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In the Hollow of the Wave

Virginia Woolf and Modernist Uses of Nature
Bonnie Kime Scott

BUY Cloth · 288 pp. · 6 × 9 · ISBN 9780813932606 · $43.50 · May 2012
BUY Ebook · 288 pp. · ISBN 9780813932620 · $43.50 · May 2012

Examining the writings and life of Virginia Woolf, In the Hollow of the Wave looks at how Woolf treated "nature" as a deliberate discourse that shaped her way of thinking about the self and the environment and her strategies for challenging the imbalances of power in her own culture—all of which remain valuable in the framing of our discourse about nature today. Bonnie Kime Scott explores Woolf’s uses of nature, including her satire of scientific professionals and amateurs, her parodies of the imperial conquest of land, her representations of flora and fauna, her application of post-impressionist and modernist modes, her merging of characters with the environment, and her ventures across the species barrier.

In shedding light on this discourse of Woolf and the natural world, Scott brings to our attention a critical, neglected, and contested aspect of modernism itself. She relies on feminist, ecofeminist, and postcolonial theory in the process, drawing also on the relatively recent field of animal studies. By focusing on multiple registers of Woolf’s uses of nature, the author paves the way for more extended research in modernist practices, natural history, garden and landscape studies, and lesbian/queer studies.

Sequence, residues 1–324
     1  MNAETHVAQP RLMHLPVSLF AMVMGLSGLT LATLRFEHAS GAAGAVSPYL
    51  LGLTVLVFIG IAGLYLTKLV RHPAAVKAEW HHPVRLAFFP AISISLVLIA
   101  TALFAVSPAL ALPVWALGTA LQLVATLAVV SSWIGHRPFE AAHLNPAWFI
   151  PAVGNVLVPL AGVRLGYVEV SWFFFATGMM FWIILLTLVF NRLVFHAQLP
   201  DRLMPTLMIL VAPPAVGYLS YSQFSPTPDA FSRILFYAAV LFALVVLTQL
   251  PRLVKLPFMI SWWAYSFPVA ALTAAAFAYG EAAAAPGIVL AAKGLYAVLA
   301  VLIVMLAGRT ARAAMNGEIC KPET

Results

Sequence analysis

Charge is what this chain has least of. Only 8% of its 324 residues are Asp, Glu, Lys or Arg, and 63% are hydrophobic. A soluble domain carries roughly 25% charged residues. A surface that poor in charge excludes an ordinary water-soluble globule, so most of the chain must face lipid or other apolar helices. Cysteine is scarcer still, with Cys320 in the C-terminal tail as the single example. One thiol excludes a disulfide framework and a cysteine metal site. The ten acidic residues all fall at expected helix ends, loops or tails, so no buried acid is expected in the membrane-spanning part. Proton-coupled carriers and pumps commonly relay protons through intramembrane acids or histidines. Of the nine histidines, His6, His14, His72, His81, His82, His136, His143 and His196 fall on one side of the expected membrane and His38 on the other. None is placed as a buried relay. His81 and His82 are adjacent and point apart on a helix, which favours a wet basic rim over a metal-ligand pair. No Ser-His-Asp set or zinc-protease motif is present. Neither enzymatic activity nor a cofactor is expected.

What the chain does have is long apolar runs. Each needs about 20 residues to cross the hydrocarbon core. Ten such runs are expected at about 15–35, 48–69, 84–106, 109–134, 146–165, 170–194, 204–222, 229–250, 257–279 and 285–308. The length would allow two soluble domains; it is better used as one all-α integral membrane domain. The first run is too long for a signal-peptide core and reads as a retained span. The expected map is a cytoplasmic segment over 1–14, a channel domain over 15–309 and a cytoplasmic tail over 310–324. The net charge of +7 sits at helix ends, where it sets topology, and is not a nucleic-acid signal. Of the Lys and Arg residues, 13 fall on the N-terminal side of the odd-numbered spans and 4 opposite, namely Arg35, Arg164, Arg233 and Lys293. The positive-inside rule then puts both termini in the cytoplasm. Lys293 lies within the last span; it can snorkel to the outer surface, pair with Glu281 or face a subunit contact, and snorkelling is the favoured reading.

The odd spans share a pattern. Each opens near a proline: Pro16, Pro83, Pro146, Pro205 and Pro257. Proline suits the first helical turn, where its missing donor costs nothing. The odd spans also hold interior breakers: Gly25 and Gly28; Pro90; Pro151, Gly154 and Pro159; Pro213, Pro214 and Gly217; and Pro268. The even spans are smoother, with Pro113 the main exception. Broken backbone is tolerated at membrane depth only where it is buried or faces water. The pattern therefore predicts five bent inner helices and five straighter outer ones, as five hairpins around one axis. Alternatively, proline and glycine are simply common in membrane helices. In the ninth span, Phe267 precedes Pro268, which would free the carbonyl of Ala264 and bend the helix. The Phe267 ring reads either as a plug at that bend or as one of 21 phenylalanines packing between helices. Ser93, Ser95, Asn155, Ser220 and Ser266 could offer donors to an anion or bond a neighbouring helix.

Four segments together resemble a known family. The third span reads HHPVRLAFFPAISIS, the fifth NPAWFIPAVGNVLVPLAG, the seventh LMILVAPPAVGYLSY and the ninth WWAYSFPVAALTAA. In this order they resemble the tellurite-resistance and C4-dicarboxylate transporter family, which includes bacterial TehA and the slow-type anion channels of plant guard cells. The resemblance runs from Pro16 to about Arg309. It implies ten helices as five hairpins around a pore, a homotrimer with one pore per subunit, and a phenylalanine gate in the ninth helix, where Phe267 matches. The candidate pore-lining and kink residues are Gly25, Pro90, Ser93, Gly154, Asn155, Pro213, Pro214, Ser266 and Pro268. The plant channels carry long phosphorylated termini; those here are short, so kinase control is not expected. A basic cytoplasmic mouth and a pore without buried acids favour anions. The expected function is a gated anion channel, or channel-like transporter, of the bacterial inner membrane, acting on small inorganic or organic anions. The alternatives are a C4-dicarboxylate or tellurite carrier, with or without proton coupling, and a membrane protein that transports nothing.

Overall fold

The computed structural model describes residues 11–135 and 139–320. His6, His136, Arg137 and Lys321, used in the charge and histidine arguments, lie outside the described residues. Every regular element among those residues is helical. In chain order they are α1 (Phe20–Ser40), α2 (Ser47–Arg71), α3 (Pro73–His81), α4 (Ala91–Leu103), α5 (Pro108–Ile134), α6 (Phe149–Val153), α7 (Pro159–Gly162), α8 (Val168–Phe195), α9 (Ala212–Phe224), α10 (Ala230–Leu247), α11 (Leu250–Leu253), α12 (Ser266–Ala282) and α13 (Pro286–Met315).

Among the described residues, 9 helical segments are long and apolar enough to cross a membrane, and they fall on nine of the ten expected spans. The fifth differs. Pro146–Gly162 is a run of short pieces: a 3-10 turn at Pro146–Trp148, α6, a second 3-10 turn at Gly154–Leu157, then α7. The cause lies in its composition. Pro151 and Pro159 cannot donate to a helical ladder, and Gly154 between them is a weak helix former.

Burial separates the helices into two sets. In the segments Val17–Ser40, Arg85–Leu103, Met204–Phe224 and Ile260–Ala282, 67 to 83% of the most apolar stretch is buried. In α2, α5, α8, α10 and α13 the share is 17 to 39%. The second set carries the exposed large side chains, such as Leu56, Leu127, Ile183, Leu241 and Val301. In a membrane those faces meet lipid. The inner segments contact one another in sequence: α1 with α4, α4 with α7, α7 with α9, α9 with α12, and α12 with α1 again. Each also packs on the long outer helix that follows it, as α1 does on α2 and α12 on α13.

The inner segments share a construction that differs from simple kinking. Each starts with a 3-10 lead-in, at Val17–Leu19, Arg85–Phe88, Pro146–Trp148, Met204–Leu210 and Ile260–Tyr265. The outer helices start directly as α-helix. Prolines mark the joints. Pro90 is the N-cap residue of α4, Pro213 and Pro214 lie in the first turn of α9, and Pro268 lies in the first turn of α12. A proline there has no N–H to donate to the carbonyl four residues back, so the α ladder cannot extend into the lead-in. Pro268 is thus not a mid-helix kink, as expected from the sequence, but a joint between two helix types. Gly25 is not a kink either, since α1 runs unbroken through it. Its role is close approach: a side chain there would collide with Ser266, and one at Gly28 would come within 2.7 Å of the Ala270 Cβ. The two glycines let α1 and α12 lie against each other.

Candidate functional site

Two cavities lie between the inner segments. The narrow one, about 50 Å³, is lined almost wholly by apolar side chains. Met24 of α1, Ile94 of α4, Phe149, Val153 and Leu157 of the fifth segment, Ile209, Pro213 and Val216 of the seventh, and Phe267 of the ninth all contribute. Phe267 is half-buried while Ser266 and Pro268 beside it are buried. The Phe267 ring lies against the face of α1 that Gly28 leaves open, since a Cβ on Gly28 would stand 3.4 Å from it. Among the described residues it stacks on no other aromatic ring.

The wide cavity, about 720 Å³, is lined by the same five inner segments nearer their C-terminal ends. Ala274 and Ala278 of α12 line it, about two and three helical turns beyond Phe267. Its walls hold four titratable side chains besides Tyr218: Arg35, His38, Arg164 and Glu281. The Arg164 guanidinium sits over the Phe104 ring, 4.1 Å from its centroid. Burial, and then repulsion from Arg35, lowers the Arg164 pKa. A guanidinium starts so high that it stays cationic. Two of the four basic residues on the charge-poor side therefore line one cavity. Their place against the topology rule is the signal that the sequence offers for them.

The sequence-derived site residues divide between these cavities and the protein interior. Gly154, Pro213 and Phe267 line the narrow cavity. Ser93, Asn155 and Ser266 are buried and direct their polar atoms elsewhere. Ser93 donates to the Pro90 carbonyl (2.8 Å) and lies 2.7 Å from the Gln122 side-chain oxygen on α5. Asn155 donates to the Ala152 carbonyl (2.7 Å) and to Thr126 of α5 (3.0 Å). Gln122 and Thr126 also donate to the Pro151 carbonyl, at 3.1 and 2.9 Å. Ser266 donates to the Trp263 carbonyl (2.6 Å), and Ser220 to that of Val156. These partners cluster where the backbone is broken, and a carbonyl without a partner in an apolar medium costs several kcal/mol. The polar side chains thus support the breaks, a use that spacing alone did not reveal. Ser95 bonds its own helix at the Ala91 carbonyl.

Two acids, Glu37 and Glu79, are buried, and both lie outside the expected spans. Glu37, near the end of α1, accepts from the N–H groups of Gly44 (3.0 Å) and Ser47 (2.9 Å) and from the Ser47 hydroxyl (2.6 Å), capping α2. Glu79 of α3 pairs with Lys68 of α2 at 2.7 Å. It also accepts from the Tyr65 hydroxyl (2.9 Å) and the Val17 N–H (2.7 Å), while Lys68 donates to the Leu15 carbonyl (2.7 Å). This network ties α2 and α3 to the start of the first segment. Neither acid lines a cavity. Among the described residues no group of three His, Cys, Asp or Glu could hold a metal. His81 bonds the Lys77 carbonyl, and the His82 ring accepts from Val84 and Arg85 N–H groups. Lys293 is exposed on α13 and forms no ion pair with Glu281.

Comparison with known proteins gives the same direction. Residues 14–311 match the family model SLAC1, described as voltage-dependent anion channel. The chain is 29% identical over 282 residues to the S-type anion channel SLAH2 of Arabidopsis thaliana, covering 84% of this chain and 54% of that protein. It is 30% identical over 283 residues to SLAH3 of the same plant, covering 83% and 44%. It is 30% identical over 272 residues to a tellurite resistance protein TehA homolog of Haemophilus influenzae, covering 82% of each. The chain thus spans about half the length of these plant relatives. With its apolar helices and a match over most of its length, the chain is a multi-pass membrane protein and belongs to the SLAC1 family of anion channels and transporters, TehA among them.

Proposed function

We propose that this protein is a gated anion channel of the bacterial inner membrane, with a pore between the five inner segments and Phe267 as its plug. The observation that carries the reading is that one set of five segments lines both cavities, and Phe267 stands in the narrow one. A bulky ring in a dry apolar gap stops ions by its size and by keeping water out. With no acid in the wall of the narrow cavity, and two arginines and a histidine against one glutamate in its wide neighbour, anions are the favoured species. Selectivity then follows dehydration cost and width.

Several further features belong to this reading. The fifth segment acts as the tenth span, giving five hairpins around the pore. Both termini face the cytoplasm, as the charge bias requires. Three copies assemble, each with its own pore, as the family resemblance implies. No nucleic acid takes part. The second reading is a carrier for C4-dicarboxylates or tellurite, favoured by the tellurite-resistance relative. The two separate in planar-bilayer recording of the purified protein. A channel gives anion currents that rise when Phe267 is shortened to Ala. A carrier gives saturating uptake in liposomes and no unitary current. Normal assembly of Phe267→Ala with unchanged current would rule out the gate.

This book is a truly original and substantial contribution to studies of Virginia Woolf, and of modernism in general. Professor Scott has produced an authoritative, definitive, feminist opus on the relationship of modernism—Woolf's in particular—to what we think of in general terms as 'nature.' She offers valuable insights into the complex interrelationships between Woolf and the other members of her circle, the major works of and on modernism, feminist criticism of modernism, and the most recent, cutting-edge scholarship on Woolf, on ecocriticism and ecofeminist criticism, and on modernist uses of nature.

Marianne DeKoven, Rutgers University

Like Mrs. Dalloway, Virginia Woolf looks good in green in Bonnie Scott's triumph of an up-to-the-moment reading of Woolf as an ecofeminist. For ‘there she is’ as Scott quotes from the naturalist, environmental, and biological English tradition from Darwin to Sir James Jeans, a Woolf caught in the wild and in the garden, captured forever for a twenty-first-century audience by the wise and influential critic whose previous works form an indispensable library for students of modernism.

Jane Marcus, CUNY Graduate Center and the City College of New York

About the Author(s): 

Bonnie Kime Scott, Professor Emerita of Women's Studies at San Diego State University and Professor Emerita of English at the University of Delaware, is the author or editor of several books, including, most recently, Gender and Modernism: Critical Concepts (in four volumes).

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